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Ruffed Grouse Preening

ruffed grouse preening IMG_3515Birds have up to 25,000 feathers, and most birds preen, or clean, waterproof and align their feathers, several times a day. Ruffed grouse, as well as most other birds, possess an uropygial gland, or preen gland, on their rump. (Some types of birds, including owls, pigeons, parrots and hawks, lack an uropygial gland and instead have specialized feathers that disintegrate into powder down, which serves the same purpose as preen oil.) The preen gland produces a waxy substance that helps waterproof feathers and keeps them flexible.

Ruffed grouse reach back and rub their beaks on this gland, and then distribute the wax on their body and wing feathers by stroking them toward the tip. The grouse grasps a feather near the base and draws it through the partly close beak, nibbling as it goes. This distributes the wax and cleans parasites from the feathers. In order to preen its head, the grouse must rub it on other parts of its body. Preening is usually done in a fairly open setting but with a degree of overhead protection, so that the grouse can watch for terrestrial predators, while being protected from hawks and owls.

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9 responses

  1. boy you are up early today!


    October 30, 2014 at 10:49 am

  2. Kathie Fiveash

    How perfectly amazing and beautiful, the way other beings go about their lives.

    October 30, 2014 at 11:22 am

  3. Perhaps powder down is what makes a silhouette on a window pane after a bird flies into it?

    October 30, 2014 at 11:38 am

  4. lburdick

    Do you think we can do this with the wax in our ears???!!,

    Sent from my iPad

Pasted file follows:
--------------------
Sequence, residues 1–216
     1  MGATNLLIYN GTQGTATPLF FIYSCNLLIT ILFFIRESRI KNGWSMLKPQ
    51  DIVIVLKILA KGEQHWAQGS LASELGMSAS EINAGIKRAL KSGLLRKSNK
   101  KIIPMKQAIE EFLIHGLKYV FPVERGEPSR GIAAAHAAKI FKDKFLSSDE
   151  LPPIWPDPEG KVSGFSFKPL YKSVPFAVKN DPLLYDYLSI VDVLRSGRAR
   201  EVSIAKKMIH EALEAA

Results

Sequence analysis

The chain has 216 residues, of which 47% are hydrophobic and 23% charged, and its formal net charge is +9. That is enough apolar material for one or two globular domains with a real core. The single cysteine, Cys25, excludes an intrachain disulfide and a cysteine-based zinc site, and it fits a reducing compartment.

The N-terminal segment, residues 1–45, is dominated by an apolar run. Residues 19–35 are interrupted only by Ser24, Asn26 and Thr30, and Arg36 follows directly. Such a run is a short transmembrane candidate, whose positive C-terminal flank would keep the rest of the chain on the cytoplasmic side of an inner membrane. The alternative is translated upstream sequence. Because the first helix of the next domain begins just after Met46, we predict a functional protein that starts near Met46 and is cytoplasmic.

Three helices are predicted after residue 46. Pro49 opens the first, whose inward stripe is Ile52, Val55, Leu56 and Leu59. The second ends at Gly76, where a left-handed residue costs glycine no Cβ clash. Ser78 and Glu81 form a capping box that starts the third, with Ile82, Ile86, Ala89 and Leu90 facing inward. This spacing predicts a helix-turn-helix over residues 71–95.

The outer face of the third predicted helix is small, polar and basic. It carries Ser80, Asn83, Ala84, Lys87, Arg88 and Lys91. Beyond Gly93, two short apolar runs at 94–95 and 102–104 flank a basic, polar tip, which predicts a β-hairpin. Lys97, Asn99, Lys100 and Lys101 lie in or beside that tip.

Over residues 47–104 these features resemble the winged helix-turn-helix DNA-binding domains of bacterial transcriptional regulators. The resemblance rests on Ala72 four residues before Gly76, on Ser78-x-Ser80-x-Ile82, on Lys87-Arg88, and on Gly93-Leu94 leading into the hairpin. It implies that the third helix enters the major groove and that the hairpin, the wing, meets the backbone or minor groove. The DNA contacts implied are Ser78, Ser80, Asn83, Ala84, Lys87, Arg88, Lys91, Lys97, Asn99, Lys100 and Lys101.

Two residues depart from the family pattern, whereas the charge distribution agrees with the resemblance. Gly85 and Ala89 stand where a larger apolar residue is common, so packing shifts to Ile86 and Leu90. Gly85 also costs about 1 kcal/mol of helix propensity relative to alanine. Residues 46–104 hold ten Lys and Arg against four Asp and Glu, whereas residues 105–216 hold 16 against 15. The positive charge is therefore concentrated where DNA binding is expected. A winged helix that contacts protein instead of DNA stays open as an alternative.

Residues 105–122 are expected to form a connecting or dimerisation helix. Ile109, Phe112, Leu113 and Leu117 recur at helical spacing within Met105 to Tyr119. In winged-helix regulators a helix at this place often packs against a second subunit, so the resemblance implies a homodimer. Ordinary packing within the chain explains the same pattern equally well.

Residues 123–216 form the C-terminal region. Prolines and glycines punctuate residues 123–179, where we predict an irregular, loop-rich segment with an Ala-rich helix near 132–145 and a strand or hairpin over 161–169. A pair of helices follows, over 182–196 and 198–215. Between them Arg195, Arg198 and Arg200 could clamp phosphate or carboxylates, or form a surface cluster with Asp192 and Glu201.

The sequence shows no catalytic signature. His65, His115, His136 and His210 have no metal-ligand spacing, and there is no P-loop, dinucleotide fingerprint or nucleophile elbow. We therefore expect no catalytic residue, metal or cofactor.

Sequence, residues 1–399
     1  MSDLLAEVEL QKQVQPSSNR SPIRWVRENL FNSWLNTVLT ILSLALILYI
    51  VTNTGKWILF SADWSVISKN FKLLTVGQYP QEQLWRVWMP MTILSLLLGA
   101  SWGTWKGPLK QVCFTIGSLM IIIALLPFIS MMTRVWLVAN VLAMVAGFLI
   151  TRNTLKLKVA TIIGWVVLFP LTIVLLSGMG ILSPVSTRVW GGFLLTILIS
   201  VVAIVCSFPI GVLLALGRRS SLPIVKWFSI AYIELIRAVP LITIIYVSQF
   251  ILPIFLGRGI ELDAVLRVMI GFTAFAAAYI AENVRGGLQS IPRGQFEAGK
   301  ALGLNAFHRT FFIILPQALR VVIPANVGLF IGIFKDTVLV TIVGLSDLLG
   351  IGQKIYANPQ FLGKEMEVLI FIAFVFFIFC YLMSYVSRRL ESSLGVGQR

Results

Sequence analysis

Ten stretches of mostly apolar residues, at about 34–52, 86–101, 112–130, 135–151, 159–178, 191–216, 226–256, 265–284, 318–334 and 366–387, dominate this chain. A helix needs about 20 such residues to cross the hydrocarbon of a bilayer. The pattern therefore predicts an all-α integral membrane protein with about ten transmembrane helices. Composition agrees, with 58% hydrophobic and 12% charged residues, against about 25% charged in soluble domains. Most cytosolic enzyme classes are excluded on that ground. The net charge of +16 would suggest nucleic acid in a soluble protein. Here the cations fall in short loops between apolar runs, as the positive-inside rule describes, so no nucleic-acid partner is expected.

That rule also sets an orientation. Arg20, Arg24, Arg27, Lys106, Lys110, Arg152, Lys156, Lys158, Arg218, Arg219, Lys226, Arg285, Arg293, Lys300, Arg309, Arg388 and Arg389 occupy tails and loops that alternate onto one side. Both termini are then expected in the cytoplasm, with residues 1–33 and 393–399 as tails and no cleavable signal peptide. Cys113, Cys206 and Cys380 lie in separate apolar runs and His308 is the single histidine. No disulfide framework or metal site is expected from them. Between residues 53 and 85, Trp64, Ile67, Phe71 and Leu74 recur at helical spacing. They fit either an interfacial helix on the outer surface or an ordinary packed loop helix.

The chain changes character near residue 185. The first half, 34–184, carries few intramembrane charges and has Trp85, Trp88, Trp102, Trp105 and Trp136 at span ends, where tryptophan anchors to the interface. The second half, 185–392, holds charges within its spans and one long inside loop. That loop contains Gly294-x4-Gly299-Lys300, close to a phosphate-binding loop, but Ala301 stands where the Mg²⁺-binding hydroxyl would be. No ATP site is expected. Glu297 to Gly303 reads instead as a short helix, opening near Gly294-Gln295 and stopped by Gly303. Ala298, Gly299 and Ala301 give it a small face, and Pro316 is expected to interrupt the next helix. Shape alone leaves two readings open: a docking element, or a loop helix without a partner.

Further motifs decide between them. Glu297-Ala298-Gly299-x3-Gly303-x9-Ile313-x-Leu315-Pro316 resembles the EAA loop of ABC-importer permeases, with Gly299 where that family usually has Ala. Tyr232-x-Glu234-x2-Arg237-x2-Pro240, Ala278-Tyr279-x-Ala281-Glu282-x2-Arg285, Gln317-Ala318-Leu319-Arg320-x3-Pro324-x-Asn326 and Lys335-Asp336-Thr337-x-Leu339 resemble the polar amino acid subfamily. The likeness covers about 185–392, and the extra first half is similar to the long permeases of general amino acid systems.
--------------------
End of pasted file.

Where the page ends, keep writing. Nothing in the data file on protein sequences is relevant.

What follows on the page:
October 30, 2014 at 11:47 am

  5. joan waltermire

    It turns out that feathers are waterproof even without the wax. I’ve been working on an exhibit about feathers at the Montshire Museum, and have learned that researchers stripped a feather of its oils and took very close-up images of it after dropping water on it. The water beaded up. There’s an image of a water drop sitting happily on top of an oil-free feather. Apparently the structure of the barbs/barbules is responsible for this. I wonder if they really succeeded in getting rid of the wax, or is there oil and wax involved?

    October 30, 2014 at 11:59 am

  6. Rachael Cohen

    I notice that the grouse’s tail feathers are very different lengths, indicating that it has molted fairly recently and the feathers are still growing back.

    October 30, 2014 at 2:34 pm

    • Very observant of you, Rachael!

      October 31, 2014 at 1:27 am

      • I hadn’t heard this, Joan. Fascinating! Thanks a lot.

        October 31, 2014 at 1:28 am

  7. I love the colors of grouse feathers – perfect camouflage!

    November 1, 2014 at 7:15 pm

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